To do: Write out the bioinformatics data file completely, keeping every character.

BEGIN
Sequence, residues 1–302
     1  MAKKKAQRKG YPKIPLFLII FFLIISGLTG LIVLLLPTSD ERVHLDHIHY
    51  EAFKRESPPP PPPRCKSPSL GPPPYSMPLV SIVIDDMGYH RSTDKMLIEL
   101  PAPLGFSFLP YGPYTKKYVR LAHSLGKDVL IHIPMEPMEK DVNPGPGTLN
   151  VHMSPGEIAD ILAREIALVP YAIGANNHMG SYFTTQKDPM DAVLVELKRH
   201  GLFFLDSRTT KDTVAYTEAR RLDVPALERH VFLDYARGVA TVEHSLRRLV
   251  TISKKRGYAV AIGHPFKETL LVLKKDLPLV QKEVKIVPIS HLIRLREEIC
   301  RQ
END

Sequence, residues 1–302
     1  MAKKKAQRKG YPKIPLFLII FFLIISGLTG LIVLLLPTSD ERVHLDHIHY
    51  EAFKRESPPP PPPRCKSPSL GPPPYSMPLV SIVIDDMGYH RSTDKMLIEL
   101  PAPLGFSFLP YGPYTKKYVR LAHSLGKDVL IHIPMEPMEK DVNPGPGTLN
   151  VHMSPGEIAD ILAREIALVP YAIGANNHMG SYFTTQKDPM DAVLVELKRH
   201  GLFFLDSRTT KDTVAYTEAR RLDVPALERH VFLDYARGVA TVEHSLRRLV
   251  TISKKRGYAV AIGHPFKETL LVLKKDLPLV QKEVKIVPIS HLIRLREEIC
   301  RQ